Pikmin 3

Banner Pikmin

Nintendo are a funny lot. They like to neglect a lot of their properties whilst flogging poor Mario like an Atlanta stripper. For every Star Fox or Donkey Kong you’ll usually get a hundred or so Mario games and, whilst Mario games are generally quite good, it’s forgivable for even a hardcore fan to say they’re getting sick of them. Every so often, Nintendo will go back to their dungeon and have a look at their catalogue and go “hey you. Yeah you, Kid Icarus, we need ya for something.” They then pump out a game but when it doesn’t sell like crack to Charlie Sheen because all the old fans have moved on, they are quick to brush the series aside and let it rot once again. This time around, it’s Pikmin’s turn to face a trial by fire.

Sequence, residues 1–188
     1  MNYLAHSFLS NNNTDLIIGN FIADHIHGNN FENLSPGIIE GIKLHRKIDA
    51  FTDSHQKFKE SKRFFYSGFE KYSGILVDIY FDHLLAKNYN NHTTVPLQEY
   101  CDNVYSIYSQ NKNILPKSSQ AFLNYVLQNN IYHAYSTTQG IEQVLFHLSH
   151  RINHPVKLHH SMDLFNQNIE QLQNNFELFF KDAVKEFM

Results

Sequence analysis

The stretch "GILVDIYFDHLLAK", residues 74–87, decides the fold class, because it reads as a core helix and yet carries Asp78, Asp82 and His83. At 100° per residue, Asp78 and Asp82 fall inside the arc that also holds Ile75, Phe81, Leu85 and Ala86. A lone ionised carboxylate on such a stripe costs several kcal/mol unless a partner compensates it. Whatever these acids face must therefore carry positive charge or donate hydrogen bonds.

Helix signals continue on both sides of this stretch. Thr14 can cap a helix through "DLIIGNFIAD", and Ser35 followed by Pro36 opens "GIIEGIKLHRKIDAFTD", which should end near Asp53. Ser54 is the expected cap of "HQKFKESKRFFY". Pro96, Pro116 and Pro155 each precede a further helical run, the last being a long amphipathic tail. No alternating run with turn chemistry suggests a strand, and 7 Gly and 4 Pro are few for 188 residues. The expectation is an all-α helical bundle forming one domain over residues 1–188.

Pikmin started out on the Gamecube in 2001/2002 and spawned a very successful sequel in 2004. Both games were ported to the Wii but no new additions were made except the use of the Wii’s motion controls. Now, am I the only one that finds this a bit odd? Both games sold like mad but the last new addition to the series was 2004! With exception to some background homages in Smash Bros. and Nintendoland but that doesn’t count in my book. So when they announced Pikmin 3 for Wii U, people were quite surprised but it took them almost a year after the consoles release to finally bring it out. Was it worth the wait? Can it save this console that’s slowly dying of game starvation? Will it find the love it deserves? Let’s read on, shall we?